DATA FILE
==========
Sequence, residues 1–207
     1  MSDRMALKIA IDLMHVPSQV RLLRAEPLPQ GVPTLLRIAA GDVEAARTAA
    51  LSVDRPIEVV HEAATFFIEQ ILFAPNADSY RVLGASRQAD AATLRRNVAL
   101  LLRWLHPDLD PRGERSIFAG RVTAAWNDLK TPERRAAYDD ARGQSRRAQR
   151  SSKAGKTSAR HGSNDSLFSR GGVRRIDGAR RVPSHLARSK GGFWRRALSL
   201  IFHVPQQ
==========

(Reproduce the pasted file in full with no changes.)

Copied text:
Sequence, residues 1–207
     1  MSDRMALKIA IDLMHVPSQV RLLRAEPLPQ GVPTLLRIAA GDVEAARTAA
    51  LSVDRPIEVV HEAATFFIEQ ILFAPNADSY RVLGASRQAD AATLRRNVAL
   101  LLRWLHPDLD PRGERSIFAG RVTAAWNDLK TPERRAAYDD ARGQSRRAQR
   151  SSKAGKTSAR HGSNDSLFSR GGVRRIDGAR RVPSHLARSK GGFWRRALSL
   201  IFHVPQQ